Eighteenth-century masculinity and the construction of an ideal.
The thesis covers the period roughly between 1688 and the 1780s and is concerned
with the construction and perfonnance of heterosexual male identity and the emergence,
during that period, of what would become a culturally dominant model of an ideal
masculinity. It is a model which is adapted to the requirements of a capitalising
economy and is therefore inextricably linked to the rise of the middle classes and the
Puritan tradition which informs their ethical perspective.
The introductory chapter gives reasons why I regard the novel as particularly relevant in
looking at the dissemination of culturally determined notions of gender.
Chapter One is concerned with contemporary anxieties about identity and the attempts to
forge a middle-class male identity, which is 'authentic' and differentiated from that of
the upper classes Changes in the way gender identity was percei ved are also traced and
the novels of Tobias Smollett are discussed to illustrate the struggle towards the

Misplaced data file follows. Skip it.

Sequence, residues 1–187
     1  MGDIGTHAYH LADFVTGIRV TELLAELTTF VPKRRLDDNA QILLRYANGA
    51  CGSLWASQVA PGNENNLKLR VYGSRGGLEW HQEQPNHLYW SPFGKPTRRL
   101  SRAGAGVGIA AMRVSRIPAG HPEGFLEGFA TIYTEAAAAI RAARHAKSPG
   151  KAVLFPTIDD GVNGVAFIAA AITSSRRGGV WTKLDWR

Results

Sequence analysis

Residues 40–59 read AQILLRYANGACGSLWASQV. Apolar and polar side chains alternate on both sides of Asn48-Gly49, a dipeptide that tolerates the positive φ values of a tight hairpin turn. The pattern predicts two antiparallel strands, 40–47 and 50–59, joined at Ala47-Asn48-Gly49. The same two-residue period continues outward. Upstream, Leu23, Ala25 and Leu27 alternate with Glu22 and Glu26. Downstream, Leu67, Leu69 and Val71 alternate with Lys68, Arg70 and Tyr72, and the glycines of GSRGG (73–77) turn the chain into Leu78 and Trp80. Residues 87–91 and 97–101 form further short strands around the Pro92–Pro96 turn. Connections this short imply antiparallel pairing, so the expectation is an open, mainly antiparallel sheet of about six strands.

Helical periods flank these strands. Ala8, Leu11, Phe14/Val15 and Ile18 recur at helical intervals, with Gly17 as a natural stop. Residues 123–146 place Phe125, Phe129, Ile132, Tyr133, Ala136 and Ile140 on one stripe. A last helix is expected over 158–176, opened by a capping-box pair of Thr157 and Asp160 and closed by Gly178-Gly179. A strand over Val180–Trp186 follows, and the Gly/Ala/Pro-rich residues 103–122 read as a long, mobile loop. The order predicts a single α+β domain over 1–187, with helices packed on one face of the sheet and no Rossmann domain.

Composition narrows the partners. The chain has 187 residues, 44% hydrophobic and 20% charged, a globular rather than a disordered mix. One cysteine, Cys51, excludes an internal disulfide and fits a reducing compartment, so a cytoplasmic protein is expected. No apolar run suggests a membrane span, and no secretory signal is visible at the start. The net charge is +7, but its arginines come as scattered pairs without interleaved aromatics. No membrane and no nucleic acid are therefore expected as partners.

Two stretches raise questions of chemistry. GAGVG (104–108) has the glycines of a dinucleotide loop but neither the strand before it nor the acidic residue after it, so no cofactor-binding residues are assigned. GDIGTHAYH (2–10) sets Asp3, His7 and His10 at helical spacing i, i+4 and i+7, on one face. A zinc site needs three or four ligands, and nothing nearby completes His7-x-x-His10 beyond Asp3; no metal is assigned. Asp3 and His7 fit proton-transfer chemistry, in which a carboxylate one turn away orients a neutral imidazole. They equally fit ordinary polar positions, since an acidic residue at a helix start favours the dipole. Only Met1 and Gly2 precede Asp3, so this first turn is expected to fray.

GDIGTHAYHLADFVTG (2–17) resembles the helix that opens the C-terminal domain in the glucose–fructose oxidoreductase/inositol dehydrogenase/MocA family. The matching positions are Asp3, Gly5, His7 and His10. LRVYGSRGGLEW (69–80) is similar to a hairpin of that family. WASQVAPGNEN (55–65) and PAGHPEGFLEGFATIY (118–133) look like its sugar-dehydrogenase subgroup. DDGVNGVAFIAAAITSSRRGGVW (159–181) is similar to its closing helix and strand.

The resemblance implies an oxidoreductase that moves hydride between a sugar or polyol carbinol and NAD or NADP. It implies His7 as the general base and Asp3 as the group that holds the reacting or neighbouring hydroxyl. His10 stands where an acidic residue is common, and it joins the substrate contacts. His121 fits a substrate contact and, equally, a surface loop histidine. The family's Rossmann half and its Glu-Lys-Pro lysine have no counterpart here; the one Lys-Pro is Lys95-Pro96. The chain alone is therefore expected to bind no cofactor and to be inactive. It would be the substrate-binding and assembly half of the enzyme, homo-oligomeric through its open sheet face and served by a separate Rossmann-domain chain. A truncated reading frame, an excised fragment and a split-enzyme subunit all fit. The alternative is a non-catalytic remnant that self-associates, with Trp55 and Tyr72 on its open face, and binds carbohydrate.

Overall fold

definition of an ideal masculinity.
Chapter Two examines the genesis of 'sensibility' and how it was modified and adapted
by the novelists of sensibility to create a benevolent man of virtue who was dissociated
from any notion of 'softness' and femininity.
Chapter Three looks at the models of masculinity presented by Samuel Richardson in
Clarissa (1748) and Sir Charles Grandison (1753/4) and the author's concern to
discover and present the ideal model of a bourgeois patriarch.
Chapter Four discusses the perceptions and representations of masculinity by women
writers, how they portrayed gender relationships and what kind of critique they offered
of a construction of gender which rendered women as passive and men as active.